Tasman Sea Named as Global Warming Hotspot - 30/01/2012
Oceanographers have identified a series of ocean 'hotspots' around the world. Strengthening wind systems have driven a number of oceanic currents, including the East Australian Current, polewards beyond their known boundaries. The hotspots have formed alongside ocean currents that wash the east coast of the major continents, and their warming is proceeding at a rate far exceeding the average rate of ocean surface warming, according to an international science team, whose work is published in the journal Nature Climate Change.
Paper co-author, CSIRO's Dr Wenju Cai, said that while the finding has local ecological implications in the region surrounding the hotspots, the major influence is upon the ocean's ability to take up heat and carbon from the atmosphere.
In Australia's case, scientists report intensifying east-west winds at high latitudes (45º-55ºS) pushing southward and speeding up the gyre or swirl of currents circulating in the South Pacific, extending from South America to the Australian coast. The resulting changes in ocean circulation patterns have pushed the East Australian Current around 350 kilometres further south, with temperatures east of Tasmania as much as two degrees warmer than they were 60 years ago.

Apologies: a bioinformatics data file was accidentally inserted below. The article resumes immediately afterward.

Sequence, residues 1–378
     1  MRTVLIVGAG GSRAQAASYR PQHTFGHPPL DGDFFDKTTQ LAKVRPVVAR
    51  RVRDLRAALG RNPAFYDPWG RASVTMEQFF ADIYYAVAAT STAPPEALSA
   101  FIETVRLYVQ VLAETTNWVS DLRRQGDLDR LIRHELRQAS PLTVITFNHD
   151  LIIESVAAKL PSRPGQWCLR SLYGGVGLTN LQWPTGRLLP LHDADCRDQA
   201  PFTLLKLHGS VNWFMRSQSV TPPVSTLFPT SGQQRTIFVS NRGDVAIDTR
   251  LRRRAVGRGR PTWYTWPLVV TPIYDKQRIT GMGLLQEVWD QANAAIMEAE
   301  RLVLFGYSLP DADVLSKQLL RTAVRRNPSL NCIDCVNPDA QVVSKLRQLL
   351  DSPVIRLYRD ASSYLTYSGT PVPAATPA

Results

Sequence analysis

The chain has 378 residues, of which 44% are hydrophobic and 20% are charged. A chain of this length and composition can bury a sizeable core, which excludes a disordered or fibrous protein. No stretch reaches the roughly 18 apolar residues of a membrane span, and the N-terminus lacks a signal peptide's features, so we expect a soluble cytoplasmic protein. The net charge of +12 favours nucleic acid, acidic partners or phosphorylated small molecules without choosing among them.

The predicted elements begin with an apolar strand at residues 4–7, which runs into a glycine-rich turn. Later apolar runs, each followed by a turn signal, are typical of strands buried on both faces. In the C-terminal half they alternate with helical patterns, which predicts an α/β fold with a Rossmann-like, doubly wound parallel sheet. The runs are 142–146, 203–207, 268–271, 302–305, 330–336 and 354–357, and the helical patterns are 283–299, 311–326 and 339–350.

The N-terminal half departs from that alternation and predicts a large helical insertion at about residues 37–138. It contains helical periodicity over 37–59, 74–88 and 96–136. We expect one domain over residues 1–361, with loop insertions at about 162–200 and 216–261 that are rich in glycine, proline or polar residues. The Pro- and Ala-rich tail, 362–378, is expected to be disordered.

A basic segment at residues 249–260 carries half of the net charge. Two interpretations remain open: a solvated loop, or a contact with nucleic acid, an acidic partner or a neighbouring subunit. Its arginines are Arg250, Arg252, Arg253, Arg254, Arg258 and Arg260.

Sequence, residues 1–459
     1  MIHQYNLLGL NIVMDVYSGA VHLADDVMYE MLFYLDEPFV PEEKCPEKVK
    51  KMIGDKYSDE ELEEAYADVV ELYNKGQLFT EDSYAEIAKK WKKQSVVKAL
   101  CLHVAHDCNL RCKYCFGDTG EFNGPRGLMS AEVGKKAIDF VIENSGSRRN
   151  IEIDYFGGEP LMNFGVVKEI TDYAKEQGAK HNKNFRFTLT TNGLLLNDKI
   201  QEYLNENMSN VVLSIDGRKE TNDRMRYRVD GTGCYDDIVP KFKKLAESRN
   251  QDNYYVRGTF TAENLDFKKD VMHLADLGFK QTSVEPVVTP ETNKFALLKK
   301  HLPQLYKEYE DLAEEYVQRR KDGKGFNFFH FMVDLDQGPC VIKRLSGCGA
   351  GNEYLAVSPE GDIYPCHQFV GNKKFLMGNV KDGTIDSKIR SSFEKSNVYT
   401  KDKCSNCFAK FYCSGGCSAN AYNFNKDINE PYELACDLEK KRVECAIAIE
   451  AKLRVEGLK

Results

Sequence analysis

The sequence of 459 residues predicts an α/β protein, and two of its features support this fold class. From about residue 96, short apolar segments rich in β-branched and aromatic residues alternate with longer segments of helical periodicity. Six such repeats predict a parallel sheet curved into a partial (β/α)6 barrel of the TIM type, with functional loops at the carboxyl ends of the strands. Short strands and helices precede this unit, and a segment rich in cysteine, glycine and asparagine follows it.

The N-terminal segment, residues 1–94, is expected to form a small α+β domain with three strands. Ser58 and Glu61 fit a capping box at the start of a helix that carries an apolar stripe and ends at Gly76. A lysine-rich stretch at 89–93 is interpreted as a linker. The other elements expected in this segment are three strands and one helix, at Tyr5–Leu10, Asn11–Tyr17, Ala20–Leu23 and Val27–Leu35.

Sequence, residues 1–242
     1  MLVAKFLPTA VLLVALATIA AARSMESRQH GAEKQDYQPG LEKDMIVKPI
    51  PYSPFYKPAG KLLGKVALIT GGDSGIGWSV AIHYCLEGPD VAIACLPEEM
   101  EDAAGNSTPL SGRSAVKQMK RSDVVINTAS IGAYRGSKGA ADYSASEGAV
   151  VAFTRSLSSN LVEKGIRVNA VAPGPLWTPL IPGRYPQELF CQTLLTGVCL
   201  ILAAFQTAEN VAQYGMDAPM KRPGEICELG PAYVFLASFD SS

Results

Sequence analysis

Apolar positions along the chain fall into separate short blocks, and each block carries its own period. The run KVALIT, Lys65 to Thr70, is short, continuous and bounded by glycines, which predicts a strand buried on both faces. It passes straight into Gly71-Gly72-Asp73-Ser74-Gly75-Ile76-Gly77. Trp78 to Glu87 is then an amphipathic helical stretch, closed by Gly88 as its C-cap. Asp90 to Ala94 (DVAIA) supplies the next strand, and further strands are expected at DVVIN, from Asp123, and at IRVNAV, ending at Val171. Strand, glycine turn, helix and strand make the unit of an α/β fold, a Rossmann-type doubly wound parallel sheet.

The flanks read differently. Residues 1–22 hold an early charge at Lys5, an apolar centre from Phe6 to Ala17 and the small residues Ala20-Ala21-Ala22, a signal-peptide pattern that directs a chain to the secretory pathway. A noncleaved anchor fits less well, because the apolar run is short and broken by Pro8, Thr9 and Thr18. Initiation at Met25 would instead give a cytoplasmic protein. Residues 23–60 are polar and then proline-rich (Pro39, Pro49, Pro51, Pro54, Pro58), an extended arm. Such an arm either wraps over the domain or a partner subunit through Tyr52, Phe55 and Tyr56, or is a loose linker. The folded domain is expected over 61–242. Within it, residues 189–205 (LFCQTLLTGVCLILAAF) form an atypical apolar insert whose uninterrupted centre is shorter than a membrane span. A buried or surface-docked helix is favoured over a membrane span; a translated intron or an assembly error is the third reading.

CSIRO's climate scientist at CSIRO's Wealth from Oceans Research Flagship Dr Wenju Cai said that detecting these changes has been hindered by limited observations but with a combination of multi-national ocean watch systems and computer simulations CSRIO have been able to reconstruct an ocean history in which warming over the past century is 2-3 times faster than the global average ocean warming rate.
The changes are characterised by a combination of currents pushing nearer to the polar regions and intensify with systematic changes of wind over both hemispheres, attributed to increasing greenhouse gases.
Dr Cai said the increase of carbon dioxide and other greenhouse gases in the atmosphere has been the major driver of the surface warming of the Earth over the 20th century. This is projected to continue.
He said the research points to the need for a long-term monitoring network of the western boundary currents. In March next year, Australian scientists plan to deploy a series of moored ocean sensors across the East Australian Current to observe change season-to-season and year-to-year.
Lead author of the paper was Dr Lixin Wu, of the Ocean University of China, with contributing authors from five countries, many of whom are members of the Pacific Ocean Panel working under the auspices of the World Meteorological Organisation.
Last updated: 19/01/2019